9. Add pasta and pour the sauce over lamb and pasta.  This should cover the pasta, add water if not.
  10. Bake in preheated oven at 170ºC for 40 minutes until the pasta is cooked and there’s still some liquid sauce.
  11. Add plenty of cheese and serve.

My Small Slim English Wedding

This summer we did something that we had not done before, ever…..

Paul and Stevie's arrival at the Nafsika.

Paul and Stevie’s arrival at the Nafsika.

we catered for a small English wedding!  Here at the Hotel Nafsika we have catered for weddings before but they were Big, Fat and Greek!  So when Paul and Stevie first mentioned that they wanted to have their wedding at the Hotel Nafsika, I was really honoured that they would entrusted me and all at the Nafsika with this task.  I have known Paul and his family for the longest of time.  Paul was a youngster when he and his parents, Craig and Sandra first started coming here in the 1980’s along with his other siblings.  When he was older he would visit Corfu by himself and later with Stevie, the love of his life, and wherever he stayed on the island he would always come to say Hello! to us here in Agios Stefanos Beach where ever he might be staying on the island.  This shows you the type of person he is and his love for the Hotel Nafsika and the village!

Craig, Sandra and family by the pool during the cocktail hour!

Craig, Sandra and family by the pool during the cocktail hour!

Once they have secured the venue, Paul and Stevie needed help with the other wedding arrangements, so I sent them the San Stefanos Travel, as they were the wedding experts in the village.  They have done many weddings of this type and I knew that they would arrange everything without hitch!

Sealed with a loving kiss at the end of the ceremony!

Sealed with a loving kiss at the end of the ceremony!

As I said, we have catered for many Greek weddings from our very early years of our existence.  When the hotel was first built-in the late 1970’s my father purposely made the dining room large so that we could cater for weddings.  Only when the guest list began to be 300 and 400 plus people large did we decide to stop doing them.  Other reasons are that most weddings take place in the winter as in the summer it interferes with the running of the restaurant in the hotel and in the winter Agios Stefanos Beach is too cold and unreliable with the weather to guarantee a trouble-free wedding.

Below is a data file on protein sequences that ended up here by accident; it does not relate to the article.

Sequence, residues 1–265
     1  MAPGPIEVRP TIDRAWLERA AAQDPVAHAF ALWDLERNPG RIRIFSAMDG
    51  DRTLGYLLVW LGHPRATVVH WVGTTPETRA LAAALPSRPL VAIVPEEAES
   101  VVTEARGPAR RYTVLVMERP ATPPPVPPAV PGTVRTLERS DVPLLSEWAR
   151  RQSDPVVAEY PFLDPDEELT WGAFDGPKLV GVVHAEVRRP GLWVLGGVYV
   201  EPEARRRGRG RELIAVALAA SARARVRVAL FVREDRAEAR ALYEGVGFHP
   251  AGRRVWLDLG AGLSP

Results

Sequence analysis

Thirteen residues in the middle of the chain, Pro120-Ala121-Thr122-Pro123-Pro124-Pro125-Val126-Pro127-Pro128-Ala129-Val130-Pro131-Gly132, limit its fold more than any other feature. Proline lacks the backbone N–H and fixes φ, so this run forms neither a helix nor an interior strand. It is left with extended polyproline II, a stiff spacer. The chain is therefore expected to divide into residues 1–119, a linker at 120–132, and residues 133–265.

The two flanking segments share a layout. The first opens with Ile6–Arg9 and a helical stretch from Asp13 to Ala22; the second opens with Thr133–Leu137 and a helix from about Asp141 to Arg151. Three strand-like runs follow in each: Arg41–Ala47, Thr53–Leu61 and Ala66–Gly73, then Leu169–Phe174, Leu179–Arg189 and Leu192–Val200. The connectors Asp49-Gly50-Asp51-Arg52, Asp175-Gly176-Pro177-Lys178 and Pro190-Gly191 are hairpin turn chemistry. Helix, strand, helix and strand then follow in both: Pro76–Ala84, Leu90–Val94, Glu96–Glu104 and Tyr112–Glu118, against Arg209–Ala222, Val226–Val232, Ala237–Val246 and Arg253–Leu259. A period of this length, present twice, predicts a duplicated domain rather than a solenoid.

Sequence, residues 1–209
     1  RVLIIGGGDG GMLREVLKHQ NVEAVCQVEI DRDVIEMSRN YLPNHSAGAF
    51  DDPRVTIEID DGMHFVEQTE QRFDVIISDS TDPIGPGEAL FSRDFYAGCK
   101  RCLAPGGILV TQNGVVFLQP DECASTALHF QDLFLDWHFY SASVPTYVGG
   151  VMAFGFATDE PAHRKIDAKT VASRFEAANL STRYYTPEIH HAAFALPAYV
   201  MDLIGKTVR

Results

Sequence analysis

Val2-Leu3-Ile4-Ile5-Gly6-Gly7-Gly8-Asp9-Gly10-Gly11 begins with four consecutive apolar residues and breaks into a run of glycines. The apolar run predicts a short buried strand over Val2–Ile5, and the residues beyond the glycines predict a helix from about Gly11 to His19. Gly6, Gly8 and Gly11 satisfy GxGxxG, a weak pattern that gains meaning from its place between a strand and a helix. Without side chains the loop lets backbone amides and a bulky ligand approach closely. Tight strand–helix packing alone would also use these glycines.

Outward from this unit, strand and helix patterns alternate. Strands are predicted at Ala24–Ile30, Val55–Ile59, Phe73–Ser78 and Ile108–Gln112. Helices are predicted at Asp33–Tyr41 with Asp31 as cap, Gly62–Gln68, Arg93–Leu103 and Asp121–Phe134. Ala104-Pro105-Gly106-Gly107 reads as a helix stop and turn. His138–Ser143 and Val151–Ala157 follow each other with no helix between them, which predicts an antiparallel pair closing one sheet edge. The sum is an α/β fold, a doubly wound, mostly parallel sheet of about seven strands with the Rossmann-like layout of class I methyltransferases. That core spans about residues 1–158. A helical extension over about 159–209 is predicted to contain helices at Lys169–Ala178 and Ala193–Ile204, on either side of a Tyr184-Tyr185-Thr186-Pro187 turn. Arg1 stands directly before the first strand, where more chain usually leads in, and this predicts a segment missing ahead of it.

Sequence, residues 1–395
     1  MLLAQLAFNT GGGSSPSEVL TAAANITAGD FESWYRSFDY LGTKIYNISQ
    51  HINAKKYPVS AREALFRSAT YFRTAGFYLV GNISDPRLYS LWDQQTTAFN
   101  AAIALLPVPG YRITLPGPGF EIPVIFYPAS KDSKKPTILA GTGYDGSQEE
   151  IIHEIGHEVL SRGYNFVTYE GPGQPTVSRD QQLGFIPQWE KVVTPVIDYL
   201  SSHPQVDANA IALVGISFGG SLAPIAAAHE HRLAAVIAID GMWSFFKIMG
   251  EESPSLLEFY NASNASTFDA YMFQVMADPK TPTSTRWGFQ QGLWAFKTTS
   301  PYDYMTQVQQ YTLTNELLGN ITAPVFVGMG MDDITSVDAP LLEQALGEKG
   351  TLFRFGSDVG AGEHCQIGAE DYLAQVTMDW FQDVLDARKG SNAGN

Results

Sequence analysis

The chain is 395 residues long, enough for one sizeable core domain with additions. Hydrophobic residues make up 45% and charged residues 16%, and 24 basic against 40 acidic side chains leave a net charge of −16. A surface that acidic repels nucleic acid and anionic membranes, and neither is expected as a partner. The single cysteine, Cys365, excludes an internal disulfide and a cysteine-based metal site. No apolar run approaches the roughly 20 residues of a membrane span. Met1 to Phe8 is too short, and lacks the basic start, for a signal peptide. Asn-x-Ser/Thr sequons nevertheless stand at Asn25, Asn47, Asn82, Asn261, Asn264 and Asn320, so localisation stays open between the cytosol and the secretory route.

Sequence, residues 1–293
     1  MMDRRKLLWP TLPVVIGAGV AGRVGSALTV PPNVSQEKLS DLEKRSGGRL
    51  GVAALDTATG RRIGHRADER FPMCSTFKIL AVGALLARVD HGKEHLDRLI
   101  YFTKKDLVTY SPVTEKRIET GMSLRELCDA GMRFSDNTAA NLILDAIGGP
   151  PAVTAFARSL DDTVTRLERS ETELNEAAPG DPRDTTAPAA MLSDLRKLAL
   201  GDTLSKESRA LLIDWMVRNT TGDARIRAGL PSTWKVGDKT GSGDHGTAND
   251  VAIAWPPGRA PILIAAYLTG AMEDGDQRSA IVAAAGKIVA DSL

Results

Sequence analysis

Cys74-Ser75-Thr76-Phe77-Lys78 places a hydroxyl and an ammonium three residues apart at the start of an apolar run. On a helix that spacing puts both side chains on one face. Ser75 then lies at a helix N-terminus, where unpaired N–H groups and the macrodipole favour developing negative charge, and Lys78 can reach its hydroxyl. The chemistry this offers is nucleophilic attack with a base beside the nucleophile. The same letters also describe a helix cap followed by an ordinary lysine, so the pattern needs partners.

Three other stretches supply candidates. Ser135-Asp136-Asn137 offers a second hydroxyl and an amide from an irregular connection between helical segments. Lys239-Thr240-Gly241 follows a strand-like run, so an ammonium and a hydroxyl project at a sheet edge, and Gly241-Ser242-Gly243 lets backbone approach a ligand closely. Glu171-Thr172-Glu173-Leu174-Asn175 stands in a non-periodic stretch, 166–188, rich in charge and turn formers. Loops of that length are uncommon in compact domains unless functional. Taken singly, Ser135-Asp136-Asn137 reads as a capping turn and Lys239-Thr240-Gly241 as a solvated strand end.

Wedding table arrangement!

This traditional centerpiece is simple but classic.

The weather of course can make or break a wedding, not only here in Corfu but anywhere in the world which is why all of the world most take place in June, a nice safe month!  Here we can have them all summer long!  My biggest fear though was having a Maestro, a fierce northerly wind blowing on the day of the wedding.  Not that this wind would have spoilt the wedding but it would not have been ideal.  But the actual wedding day was blessed and perfect in every respect!

The groom giving a speech at the beginning of the festivities!

Paul, the groom giving a speech at the beginning of the festivities!

Having been to an endless amounts of weddings in America I knew how to arrange this one along similar lines. Sandra, Paul’s mother and I were emailing each other all winter long deciding how to organize the reception.  We both agreed on having a cocktail hour beforehand at the Hotel’s pool bar, BarOne, only that we would serve Prosecco with cherries as they were in season instead of cocktails.  Sandra thinking small ordered 10 bottles for their humble group of 19!

The meal would consist of a medley of Greek Mezzes (starters) and a choice of 3 main courses: a fish dish, a chicken dish & a meat dish.  Being our first English wedding and wanting to please my long time friends, I might have gone a bit over board with the starters as I kicked off the wedding banquet with: bruschetta, taramasalata, tzatziki, hummus, ktipiti, meatballs and a few others dishes.  There were so many starters that I had to cancel a few that I have not mentioned as the wedding party were clearly defeated by my onslaught of Greek appetizers.

The main course meals consisted of Fennel Fillet of Sole, Rosemary Chicken, and as Craig and Sandra wished, Spit-Roast Leg of Lamb!

All this was followed by the wedding cake and fruit and of course, Greek dancing!  Sandra wanted to surprise the newlyweds with a live band and even though Paul and Stevie found this out as someone ‘let the cat was out of the bag’ but they took it in true fashion by asking me to teach them a few Greek dances.  The music all evening was all Greek, in fact, very traditional folk music at that, but went like a charm with everyone dancing to it regardless of nationality.  Sandra and I both agreed that the hotel guests should be considered as honoured guests and not be excluded from the festivities so what started out as a small English wedding, it turned out into a Big English Wedding!